The freeway-close, eastern Hollywood space previously home to Music Box Studios has become Studio Atlantis. Now owned by engineer (and former Music Box manager) Jonathan Newkirk and managed by Michelle Moore, the facility has added a second, studio bau:ton-designed room. The new Studio A, outfitted for surround, features a MadLabs-upgraded Neve VR 60 console with Flying Faders automation, a George Augspurger monitoring system, two Studer A800s and Pro Tools MixPlus|24.

Newkirk, who started his career as an intern at Music Box, had long envisioned creating a larger complex. When the opportunity arose to expand into adjoining storefronts, he enlisted the help of bau:ton's Peter Grueneisen. Skylights were added, and original walls of sandblasted brick are now juxtaposed with modern textures of Lumasite, brushed aluminum and Ardex-treated concrete. Base colors of ochre and blue, tall plush curtains, unexpected angles and exposed industrial elements combine to create an environment reminiscent of a theater's backstage.

"I let Peter run with it, and it came out great," Newkirk comments. "I wanted something different that got people's attention when they walked in, and bau:ton nailed it."

"Jon is not a guy to cut corners," notes Moore, an engineer and producer in her own right, whose career dates back to David Kershenbaum's Studio 55. "He wants things to be creative, comfortable and absolutely top-of-the-line. "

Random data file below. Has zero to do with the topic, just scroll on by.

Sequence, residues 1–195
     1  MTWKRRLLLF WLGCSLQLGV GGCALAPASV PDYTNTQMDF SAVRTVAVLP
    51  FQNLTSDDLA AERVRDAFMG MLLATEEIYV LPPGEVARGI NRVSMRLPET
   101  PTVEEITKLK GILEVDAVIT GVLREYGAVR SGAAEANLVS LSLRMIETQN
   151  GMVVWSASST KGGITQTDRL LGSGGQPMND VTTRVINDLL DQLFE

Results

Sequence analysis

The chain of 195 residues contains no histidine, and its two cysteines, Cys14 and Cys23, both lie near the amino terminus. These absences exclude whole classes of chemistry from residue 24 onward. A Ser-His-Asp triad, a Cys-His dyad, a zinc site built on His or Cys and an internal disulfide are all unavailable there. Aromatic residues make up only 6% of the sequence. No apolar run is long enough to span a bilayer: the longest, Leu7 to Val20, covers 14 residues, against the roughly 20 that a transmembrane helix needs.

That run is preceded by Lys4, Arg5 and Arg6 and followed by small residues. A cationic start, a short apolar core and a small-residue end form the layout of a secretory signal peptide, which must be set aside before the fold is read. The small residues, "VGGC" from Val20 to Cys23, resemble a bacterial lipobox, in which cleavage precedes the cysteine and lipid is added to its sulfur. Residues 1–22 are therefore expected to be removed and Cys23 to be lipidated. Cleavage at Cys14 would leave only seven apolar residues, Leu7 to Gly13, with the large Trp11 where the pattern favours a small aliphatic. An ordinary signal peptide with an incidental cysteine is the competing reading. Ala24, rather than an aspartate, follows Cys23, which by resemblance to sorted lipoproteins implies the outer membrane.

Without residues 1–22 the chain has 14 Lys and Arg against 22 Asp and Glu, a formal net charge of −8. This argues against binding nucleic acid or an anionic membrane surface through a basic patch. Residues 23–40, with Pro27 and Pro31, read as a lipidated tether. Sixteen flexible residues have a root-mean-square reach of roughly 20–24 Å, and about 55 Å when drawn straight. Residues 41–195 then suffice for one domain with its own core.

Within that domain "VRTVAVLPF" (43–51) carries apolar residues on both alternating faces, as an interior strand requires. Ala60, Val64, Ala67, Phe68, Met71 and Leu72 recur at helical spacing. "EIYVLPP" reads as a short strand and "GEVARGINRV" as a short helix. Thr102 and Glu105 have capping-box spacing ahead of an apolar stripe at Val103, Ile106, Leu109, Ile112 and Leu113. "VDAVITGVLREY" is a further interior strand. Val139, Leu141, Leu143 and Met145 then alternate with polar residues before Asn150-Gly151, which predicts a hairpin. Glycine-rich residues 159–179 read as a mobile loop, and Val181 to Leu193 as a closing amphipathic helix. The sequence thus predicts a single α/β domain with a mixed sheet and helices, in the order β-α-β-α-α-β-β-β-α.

A drummer since the age of 16, Newkirk's first recording studio experience was at Music Box, working for then-owner Mike Wolf. "I started here in '94, interned for six months and began assisting with no real engineering background," he recalls. "Then I took time off to go to the L. A. Recording Workshop, came back and began firsting. When, in '98, Mike decided to sell, buying the studio was the logical step for me."

At the time Newkirk's intentions were to revamp the original studio, but he soon decided on a larger plan. "Mid-level studios are getting hammered these days," he says. "You need to either step down or step up, and I decided to step up. I purchased Music Box in January of '99, acquired two more spaces and started construction about five months later."

The MadLab mods to Studio A's VR console, often referred to as the "Conway" mods, include, extensive rewiring and new power supplies, as well as the audiophile CP-8 center section that provides eight buses and 6-channel surround capability. Newkirk decided on the purchase after he worked on one of the original versions at Conway Studios itself. "I heard it and loved it," he says simply. "It's just so clean and punchy."

The dual Studer A800s in Studio A are also highly modified for sonic upgrades by chief tech Tom Herzer. The facility's outboard complement includes Avalon, Manley, Neve, TC Electronic and Lexicon, including the Lexicon 960 L. Monitoring, besides the Augsperger surrounds, includes self-powered KRK E8s, Yamaha NS10s with Bryston amps and additional Bryston amps for the convenience of those clients who bring their own monitors.